JMU News

Chesapeake Bay, sea turtles could benefit from engineering projects


by Eric Gorton

 
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Photos by Robert Nagel

Second-year engineering students at James Madison University have been busy designing a buoy this year in hopes of providing some low-cost solutions for protecting the environment. 

When deployed with one sensor package, the buoy could help the Chesapeake Bay Foundation monitor the health of the bay via acoustic signatures. With a different sensor package, the buoy could help the Brevard Zoo monitor the migration of leatherback sea turtles off the coast of Florida. 

“There are products on the market, but they’re expensive,” said engineering professor Robert Nagel. “We’re trying to build something that is less than $1,200.” 

All the materials for the buoys can be purchased off the shelf, Nagel said. 

The buoy projects came about through a new partnership with Northrop Grumman Corp. Before this year, the sophomore class was responsible for designing human-powered vehicles – essentially modified bicycles – for clients with mobility challenges. Along the way, the students learned how to interact with a client, determine the client’s needs and then design and build a solution. At the end of each year, various concepts were judged and the winning team presented their solution to the client.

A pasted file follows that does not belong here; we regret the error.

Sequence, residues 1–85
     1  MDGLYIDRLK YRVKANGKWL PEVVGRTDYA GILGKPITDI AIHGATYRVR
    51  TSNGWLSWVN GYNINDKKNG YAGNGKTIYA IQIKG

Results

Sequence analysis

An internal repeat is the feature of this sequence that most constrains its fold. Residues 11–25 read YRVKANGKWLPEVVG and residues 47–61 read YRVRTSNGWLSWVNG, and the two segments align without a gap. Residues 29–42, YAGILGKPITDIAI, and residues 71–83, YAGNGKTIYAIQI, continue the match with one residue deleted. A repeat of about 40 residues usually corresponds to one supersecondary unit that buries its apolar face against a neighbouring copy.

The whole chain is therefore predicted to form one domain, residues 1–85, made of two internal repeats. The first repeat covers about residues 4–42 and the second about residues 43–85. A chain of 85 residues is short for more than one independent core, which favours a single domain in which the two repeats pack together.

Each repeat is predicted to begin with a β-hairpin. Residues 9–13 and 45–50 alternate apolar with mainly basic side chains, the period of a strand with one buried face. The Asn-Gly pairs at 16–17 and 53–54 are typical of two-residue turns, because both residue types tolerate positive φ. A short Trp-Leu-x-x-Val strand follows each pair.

The COVID-19 pandemic created challenges for that project, including not being able to meet face to face with the client and not being able to build the final product. In need of something else for this year’s class, Nagel reached out to companies with JMU connections. At Northrop Grumman, Nagel contacted 2016 JMU engineering alum Joshua Kay, who was able to make connections resulting in this year’s project. 

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The buoy projects have required the students to work on various teams to complete certain aspects, such as communications (the buoys have to relay data), energy harvesting (the buoy communications and sensing systems will be powered by solar energy), and building the buoy. Challenges have included buoyancy, errant force loads that could cause the buoys to capsize, water and weatherproofing, and dealing with salt spray on solar panels. 

Much of the work has been completed online using a variety of software that enables the student teams to meet and share their work virtually. Several weeks ago, the teams were able to return to the design studios to build prototypes and to test them. 

By the end of the semester, just two weeks away, the students will be graded on their concepts and how well they meet the goals the teams set at the beginning of the year.

 

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Media contact: Eric Gorton, gortonej@jmu.edu, 540-908-1760.

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Published: Friday, April 23, 2021

Last Updated: Friday, July 9, 2021

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